The DRL file that composes ksession1’s business logic contains one rule that determines whether or not the given Person is eligible to drink. As business requirements change, additional DRL files can be added to ksession1 via kmodule.xml or the contents of this DRL can be modified to affect the Person’s drinking eligibility without directly modifying any Java files or Camel routes.

 

Code sample from can-drink-rule.drl

How Could This Work Without Drools?

The Drools components in this example could have been replaced with a Processor implemented using the following Java class to achieve the same result. The element in the route that references the knowledge session could be replaced with the following line to implement the Processor below.

<bean method="fireAllRules" ref="drlEquivalentProcessor"/>

Code sample from blog-camel-context-no-drools.xml

Code sample from DrlEquivalentProcessor.java

Executable from the JUnit test at CamelContextNoDroolsTest.java

To further illustrate how Drools processes rules, this processor reflects the general logical flow of a rules engine in a very simplified fashion instead of taking the most efficient path to implement the rule. The simplest possible Processor implementation can be found at DrlEquivalentProcessorSimple.java (as implemented by the Camel route at blog-camel-context-no-drools-simple.xml and executable from the JUnit test at CamelContextNoDroolsSimpleTest.java). A slightly more complex version that better models the flow of rules engine logic can be found at DrlEquivalentProcessorExchange.java (as implemented by the Camel route at blog-camel-context-no-drools-exchange.xml and executable from the JUnit test at CamelContextNoDroolsExchangeTest.java). The Drools Expert rules engine is actually implemented using the Rete Algorithm which is much more complex than any of these Java examples, but the general data flow is similar.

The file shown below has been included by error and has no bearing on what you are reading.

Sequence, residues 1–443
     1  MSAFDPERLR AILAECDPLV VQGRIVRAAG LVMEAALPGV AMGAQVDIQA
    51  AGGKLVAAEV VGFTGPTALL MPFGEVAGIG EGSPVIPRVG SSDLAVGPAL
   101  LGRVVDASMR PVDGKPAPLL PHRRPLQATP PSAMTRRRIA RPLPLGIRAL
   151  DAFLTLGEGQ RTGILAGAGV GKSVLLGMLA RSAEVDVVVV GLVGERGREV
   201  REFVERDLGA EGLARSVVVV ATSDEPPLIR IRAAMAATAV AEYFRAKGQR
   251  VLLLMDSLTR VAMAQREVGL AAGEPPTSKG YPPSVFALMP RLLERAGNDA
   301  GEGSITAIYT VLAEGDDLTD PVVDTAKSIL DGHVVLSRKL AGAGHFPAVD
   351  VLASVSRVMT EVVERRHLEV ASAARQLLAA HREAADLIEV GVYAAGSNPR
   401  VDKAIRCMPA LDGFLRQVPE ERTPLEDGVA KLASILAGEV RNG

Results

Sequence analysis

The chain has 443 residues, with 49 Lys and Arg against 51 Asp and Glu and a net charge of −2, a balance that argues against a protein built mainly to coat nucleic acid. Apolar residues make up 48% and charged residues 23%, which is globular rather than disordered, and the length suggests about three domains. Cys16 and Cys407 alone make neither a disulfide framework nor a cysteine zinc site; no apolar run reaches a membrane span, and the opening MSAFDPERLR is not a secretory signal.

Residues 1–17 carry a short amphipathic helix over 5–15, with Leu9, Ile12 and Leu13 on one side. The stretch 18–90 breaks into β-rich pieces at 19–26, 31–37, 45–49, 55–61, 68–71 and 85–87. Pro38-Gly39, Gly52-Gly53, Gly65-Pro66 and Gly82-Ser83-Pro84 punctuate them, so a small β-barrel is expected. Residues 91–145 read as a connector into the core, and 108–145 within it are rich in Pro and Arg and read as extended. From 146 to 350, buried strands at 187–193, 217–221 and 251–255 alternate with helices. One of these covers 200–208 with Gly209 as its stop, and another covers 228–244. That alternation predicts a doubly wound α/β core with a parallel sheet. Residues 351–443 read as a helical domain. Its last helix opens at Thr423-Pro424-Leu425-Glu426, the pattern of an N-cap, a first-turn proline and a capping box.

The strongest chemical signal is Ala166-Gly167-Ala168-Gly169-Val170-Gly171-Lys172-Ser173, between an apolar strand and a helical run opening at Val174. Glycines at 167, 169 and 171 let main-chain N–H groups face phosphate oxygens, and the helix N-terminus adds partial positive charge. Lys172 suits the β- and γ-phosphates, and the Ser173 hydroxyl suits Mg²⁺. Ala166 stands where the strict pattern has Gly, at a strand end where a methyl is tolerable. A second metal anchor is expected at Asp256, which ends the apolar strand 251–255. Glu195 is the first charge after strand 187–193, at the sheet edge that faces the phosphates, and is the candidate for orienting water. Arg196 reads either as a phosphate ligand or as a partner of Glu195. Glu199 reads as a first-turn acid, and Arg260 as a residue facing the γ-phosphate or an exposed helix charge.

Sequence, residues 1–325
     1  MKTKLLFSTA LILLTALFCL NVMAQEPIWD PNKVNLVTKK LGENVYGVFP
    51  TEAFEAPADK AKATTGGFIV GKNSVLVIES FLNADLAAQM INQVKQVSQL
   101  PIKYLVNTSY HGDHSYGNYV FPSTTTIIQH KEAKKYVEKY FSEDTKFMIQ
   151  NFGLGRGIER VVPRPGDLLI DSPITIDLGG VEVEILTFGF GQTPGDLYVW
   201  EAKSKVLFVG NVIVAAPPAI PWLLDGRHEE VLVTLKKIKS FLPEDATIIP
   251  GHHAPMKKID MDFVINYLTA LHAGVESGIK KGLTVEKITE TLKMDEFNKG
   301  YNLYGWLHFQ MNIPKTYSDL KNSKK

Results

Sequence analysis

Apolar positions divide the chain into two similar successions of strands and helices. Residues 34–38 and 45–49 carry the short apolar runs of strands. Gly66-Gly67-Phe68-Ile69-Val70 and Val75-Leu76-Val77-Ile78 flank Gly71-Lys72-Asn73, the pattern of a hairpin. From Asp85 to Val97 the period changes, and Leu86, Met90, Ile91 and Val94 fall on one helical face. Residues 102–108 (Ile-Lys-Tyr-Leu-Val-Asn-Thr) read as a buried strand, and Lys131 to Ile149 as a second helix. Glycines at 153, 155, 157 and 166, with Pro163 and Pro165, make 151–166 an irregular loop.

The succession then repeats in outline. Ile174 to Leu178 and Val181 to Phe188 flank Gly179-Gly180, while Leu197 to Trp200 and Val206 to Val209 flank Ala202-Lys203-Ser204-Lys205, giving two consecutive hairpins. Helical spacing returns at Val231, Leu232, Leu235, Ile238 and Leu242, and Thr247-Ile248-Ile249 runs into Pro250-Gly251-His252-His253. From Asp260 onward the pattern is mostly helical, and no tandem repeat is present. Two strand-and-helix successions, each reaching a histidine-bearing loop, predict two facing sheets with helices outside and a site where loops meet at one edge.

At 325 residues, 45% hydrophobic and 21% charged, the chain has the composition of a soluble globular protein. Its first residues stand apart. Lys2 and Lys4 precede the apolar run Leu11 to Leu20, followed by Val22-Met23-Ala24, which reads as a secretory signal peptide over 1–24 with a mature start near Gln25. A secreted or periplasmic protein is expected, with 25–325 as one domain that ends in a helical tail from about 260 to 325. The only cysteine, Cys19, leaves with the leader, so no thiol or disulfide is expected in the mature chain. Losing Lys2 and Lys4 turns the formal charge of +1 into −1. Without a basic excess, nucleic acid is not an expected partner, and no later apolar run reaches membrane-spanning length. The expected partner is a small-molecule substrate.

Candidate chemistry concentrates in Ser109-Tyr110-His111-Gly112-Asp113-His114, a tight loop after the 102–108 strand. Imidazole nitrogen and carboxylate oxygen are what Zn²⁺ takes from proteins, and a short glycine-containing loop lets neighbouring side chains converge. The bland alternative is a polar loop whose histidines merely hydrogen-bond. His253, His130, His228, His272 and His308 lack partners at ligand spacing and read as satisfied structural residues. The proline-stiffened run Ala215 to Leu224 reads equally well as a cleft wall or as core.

When Drools Is Appropriate

Drools Expert should not be used to implement a single simple rule as shown in the examples above, as shown by the simplicity of the equivalent Java samples. However, when a decision is composed of dozens of loosely coupled rules, it may make sense to externalize the logic into a series of DRL files to take advantage of their easily readable rule-oriented syntax, DRL visualization solutions, and the ability for domain experts to understand and modify DRL files without changing application source code.

Some caveats to remember when using Drools are that it scales best when a large number of rules are executed against a small number of facts. It also makes more sense to use Drools when the rules are loosely coupled; if many rules depend on each other in a chain, it may make more sense to write an if statement decision tree in Java code instead of presenting the logic as a series of individual rules spread throughout one or more DRL files.

If you have any questions over this introduction to using Drools Expert with Apache Camel, feel free to use the comments section below or contact us at info@credera.com. You can also follow us on Twitter at @CrederaOpen and connect with us on LinkedIn for additional Open Technologies insights.